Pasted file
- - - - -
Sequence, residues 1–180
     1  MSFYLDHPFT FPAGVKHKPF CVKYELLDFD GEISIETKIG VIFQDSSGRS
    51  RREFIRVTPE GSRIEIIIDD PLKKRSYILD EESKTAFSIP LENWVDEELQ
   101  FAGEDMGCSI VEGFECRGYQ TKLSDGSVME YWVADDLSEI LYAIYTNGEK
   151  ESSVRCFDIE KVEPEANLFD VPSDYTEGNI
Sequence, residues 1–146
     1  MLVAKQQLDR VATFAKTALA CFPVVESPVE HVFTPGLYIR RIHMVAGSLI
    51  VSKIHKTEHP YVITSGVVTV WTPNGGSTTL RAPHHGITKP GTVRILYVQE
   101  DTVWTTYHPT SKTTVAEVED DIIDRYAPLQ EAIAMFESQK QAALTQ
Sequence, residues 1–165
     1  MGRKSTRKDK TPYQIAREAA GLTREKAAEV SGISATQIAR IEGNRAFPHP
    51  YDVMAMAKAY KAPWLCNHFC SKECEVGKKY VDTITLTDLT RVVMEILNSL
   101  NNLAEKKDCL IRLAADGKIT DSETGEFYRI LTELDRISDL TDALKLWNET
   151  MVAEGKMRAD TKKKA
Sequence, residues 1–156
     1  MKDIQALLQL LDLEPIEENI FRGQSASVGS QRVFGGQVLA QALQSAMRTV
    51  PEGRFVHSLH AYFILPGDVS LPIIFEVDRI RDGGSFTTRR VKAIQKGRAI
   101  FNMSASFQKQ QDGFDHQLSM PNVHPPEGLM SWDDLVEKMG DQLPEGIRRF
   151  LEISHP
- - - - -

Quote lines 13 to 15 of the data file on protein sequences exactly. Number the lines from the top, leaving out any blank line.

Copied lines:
   101  NNLAEKKDCL IRLAADGKIT DSETGEFYRI LTELDRISDL TDALKLWNET
   151  MVAEGKMRAD TKKKA
Sequence, residues 1–156